Someone call Child Protective Services. Currently over 2000 abused children wait in detention centers at the U.S/Mexico border after separation from their parents who crossed the border illegally. Earlier this year the U.S. Immigration and Customs Enforcement Agency (ICE) started dividing families caught crossing the border without papers based on a “zero tolerance” policy on immigration. Even breastfeeding infants got snatched from their mothers. As a pediatric healthcare worker I can attest to the fear and anxiety that wells up in a young child detached from a parent even for a few moments to obtain x-rays.
The White House (after much uproar) has recently reversed the decision on this violation of basic human rights. But over 2000 children still remain disconnected from their parents. Not only does this emotionally traumatize children, but the parting opens them up for potential sexual and physical abuse at these detention centers without the protection of their parents. Even if Christians did not make the decisions here, many evangelicals stood behind the decisions. The issues surrounding illegal immigration have no easy answers. But if we call ourselves God-fearing Christians, should we not handle the issue of illegal immigration in a compassionate love-thy-neighbor-as-yourself manner?
Granted, one should not cross a national border illegally. But an illegal act does not cancel the biblical mandate to love—even one of the least of these—our poor and needy foreign neighbors. And why punish children for their parents’ actions? Besides, how many of these immigrants cross the border illegally out of rebellion? Most do it out of an act of desperation to give their families hope for a better life that includes public sanitation, and the lack of drug lord gang violence on school busses. You know—the things Americans take for granted.
But Romans 13:1-7—yeah…about that. The Apostle Paul wrote Romans specifically to first century largely gentile Christians in the AD 50’s. Paul seems to have written these verses in the hopes of preventing a revolution amongst the Jewish Christians that could have destroyed unity in the early church. Bottom line: Paul wrote this epistle for a specific audience at a specific time and place in history. He did not write the epistle to present day Americans. Incidentally, pro-slavery advocates in the 1800’s used Romans 13 for similar justification. Hmmm. And how interesting that they hone in on the first seven verses of Romans 13, but fail to acknowledge the three verses immediately following where Paul restates Jesus’s commandment to love your neighbor as yourself. (Rom. 13:8-10.) The gross misinterpretation of Romans 13 acts as another example of evangelicals (mis)using the Bible as an excuse to act like jerks. Herein lies the problem with out-of-context superficial reading of Bible verses. Evangelicals who rationalized the “zero tolerance” policy should not look to the Bible for support unless they see the Bible as an a la carte lunch menu. But since we’re out in the Bible orchard cherry picking verses, let’s add these juicy morsels: Matthew 25:31-46; Isaiah 10; Leviticus 19:33-34.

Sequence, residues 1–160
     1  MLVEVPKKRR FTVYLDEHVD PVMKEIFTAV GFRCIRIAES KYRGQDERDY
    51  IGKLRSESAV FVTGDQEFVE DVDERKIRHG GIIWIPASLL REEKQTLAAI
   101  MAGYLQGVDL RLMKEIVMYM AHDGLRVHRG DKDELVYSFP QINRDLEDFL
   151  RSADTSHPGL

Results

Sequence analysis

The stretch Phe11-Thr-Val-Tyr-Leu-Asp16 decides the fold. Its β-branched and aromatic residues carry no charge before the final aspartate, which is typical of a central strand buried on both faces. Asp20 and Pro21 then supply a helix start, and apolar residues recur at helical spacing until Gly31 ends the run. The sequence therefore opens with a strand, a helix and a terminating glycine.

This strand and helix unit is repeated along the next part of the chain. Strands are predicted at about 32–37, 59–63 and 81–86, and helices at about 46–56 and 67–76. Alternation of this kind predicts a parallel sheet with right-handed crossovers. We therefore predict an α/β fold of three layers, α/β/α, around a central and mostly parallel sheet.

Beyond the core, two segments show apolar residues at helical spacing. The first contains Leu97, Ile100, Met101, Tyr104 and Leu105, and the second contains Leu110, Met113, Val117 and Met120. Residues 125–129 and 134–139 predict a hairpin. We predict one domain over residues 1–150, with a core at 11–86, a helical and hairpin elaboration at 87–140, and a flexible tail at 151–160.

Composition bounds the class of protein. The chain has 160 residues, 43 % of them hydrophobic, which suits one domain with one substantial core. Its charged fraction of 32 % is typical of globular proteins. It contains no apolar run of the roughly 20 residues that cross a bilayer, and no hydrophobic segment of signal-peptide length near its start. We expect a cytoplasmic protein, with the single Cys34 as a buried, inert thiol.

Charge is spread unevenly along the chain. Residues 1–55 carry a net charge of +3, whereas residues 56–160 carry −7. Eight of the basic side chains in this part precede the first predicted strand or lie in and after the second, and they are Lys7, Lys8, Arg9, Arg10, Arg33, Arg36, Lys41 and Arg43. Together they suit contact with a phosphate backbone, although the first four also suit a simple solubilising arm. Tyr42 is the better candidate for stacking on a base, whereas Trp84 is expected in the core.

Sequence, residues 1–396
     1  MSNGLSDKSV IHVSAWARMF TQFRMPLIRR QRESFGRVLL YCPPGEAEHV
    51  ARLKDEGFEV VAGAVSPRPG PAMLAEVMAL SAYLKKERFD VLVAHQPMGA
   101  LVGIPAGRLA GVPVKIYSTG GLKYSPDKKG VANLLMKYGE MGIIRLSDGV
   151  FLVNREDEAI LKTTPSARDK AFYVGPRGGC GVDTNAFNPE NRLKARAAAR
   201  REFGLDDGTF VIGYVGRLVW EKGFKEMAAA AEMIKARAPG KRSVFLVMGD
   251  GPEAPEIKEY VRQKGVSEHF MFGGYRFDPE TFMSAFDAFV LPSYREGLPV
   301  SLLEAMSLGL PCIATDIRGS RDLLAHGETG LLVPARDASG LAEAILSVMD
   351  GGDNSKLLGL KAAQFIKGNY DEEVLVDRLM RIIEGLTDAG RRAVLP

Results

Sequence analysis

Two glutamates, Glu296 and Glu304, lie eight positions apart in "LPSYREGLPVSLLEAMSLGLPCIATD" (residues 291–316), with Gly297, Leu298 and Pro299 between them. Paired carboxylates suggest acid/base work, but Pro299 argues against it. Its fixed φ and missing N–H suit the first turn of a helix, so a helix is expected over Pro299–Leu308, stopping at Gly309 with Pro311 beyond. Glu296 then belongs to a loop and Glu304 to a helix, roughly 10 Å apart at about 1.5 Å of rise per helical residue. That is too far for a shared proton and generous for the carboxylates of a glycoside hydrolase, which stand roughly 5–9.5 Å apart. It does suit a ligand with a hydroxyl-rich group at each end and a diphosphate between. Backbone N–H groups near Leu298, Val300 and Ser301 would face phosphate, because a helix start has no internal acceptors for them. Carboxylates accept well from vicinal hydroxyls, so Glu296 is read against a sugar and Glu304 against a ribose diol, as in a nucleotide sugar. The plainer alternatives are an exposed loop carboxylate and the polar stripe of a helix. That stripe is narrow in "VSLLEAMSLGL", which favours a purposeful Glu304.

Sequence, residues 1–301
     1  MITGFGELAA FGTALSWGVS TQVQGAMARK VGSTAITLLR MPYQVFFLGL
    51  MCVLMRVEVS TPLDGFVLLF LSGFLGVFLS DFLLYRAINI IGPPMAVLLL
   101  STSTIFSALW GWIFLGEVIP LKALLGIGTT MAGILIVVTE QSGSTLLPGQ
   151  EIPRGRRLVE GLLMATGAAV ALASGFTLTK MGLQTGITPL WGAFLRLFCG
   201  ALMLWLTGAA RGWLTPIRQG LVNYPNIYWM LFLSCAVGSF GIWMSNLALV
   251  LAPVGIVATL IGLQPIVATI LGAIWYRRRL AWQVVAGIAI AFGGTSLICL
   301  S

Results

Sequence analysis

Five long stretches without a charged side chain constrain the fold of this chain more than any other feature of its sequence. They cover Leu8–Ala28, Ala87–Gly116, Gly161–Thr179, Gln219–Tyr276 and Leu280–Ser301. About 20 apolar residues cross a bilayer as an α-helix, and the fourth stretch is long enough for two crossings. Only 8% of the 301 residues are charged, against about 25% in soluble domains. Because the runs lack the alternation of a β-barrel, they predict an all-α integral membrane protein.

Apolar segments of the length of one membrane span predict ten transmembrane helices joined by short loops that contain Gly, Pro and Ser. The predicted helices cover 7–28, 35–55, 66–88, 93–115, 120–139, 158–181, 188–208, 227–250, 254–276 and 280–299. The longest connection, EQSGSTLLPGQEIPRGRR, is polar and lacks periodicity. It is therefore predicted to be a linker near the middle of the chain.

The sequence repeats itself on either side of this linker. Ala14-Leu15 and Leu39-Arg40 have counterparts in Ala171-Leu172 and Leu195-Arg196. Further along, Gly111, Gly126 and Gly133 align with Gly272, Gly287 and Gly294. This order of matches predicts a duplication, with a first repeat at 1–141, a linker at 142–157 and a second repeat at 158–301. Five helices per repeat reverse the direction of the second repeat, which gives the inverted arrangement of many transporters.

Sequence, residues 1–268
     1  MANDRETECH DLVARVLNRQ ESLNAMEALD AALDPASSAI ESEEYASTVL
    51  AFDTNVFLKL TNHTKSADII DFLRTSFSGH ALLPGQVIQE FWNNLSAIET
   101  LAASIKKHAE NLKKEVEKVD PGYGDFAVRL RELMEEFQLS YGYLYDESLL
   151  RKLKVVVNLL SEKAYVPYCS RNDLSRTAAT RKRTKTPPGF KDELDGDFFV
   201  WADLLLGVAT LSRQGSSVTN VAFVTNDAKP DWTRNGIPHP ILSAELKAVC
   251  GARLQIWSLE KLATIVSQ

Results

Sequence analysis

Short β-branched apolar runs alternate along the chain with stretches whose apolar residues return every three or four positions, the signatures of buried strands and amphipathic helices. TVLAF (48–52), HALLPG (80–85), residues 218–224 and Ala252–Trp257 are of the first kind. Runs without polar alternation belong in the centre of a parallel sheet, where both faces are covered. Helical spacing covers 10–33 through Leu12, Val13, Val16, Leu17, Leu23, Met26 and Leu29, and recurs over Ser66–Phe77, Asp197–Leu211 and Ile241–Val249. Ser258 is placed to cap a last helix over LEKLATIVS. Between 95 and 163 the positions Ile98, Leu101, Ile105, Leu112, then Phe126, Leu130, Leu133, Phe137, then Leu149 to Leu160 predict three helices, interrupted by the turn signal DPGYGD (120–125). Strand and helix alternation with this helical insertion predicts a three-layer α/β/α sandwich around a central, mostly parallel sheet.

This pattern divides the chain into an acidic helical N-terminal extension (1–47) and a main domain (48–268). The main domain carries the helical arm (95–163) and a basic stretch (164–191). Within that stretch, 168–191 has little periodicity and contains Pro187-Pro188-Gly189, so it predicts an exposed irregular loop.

So if we can’t look to the Bible as grounds for separating children from their parents, how about the Bible’s archenemy—Science?
The American Academy of Pediatrics states that separating a child from parents can cause “irreparable harm” to children. In addition, American medical professionals and psychotherapists find this practice “profoundly harmful to children and to families…” and fear the lasting negative health impact on children. The emotional trauma from these forced separations can lead to disruptions in neurodevelopment, and the ensuing toxic stress from such separation causes an increased incidence of conditions such as depression, post-traumatic stress disorder, cancer, stroke, diabetes and heart disease. Other long term effects can include lower academic achievement and attachment difficulties into adulthood. Some experts even say that splitting up families carries similar emotional and mental consequences as being beaten and tortured.
As a psychotherapist who treats adults who have endured childhood trauma, my husband can foresee these potential lasting effects on the psyche of these children. Traumatic physical, mental, and/or emotional events that take place in the critical period from birth to six years in a child’s life can have permanent repercussions.
The 70’s “Keep America Beautiful” ad campaign would often interrupt my childhood television viewing. I still remember one particular commercial where the middle aged man with long braided hair canoed through a body of water littered with trash, only to find even more garbage ashore. The commercials would always end showing the Native American with a tear rolling down his cheek as he sat overlooking his polluted homeland. As I reflect upon those old commercials, I picture a dark-bearded tunic-and-sandals wearing man looking upon North America with a tear rolling down his cheek, watching as ICE seized parents away for imprisonment as their children watched in horror. So much for America made great again. This image stands in contrast to the biblical description of Jesus’s attitude toward children (Matt. 18:1-5).
Maybe we’re too caught up in our own nationalism to love aliens and foreigners. Psst…Hey, American Nationalists. When you get a moment you may want to read Revelation 7:9-17. Warning: it may make you clutch your American flag like a teddy bear as you cry yourself to sleep tonight.
God commands us to love our neighbors as we love ourselves. But only if we feel like it.